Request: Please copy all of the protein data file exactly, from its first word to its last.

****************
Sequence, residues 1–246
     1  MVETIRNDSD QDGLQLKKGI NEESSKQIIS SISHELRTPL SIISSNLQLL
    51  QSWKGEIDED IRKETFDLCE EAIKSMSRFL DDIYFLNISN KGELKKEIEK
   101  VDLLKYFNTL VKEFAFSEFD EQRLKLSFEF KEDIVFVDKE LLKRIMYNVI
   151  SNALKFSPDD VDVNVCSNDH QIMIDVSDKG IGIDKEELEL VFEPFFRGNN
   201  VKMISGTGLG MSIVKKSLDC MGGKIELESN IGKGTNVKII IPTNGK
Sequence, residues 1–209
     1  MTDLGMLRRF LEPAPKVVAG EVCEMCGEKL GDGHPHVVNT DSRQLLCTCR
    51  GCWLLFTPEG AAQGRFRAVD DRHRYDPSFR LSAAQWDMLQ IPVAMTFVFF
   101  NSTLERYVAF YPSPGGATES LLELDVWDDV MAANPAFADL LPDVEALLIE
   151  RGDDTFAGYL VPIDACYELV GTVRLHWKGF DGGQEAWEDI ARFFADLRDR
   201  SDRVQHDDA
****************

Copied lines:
Sequence, residues 1–246
     1  MVETIRNDSD QDGLQLKKGI NEESSKQIIS SISHELRTPL SIISSNLQLL
    51  QSWKGEIDED IRKETFDLCE EAIKSMSRFL DDIYFLNISN KGELKKEIEK
   101  VDLLKYFNTL VKEFAFSEFD EQRLKLSFEF KEDIVFVDKE LLKRIMYNVI
   151  SNALKFSPDD VDVNVCSNDH QIMIDVSDKG IGIDKEELEL VFEPFFRGNN
   201  VKMISGTGLG MSIVKKSLDC MGGKIELESN IGKGTNVKII IPTNGK
Sequence, residues 1–209
     1  MTDLGMLRRF LEPAPKVVAG EVCEMCGEKL GDGHPHVVNT DSRQLLCTCR
    51  GCWLLFTPEG AAQGRFRAVD DRHRYDPSFR LSAAQWDMLQ IPVAMTFVFF
   101  NSTLERYVAF YPSPGGATES LLELDVWDDV MAANPAFADL LPDVEALLIE
   151  RGDDTFAGYL VPIDACYELV GTVRLHWKGF DGGQEAWEDI ARFFADLRDR
   201  SDRVQHDDA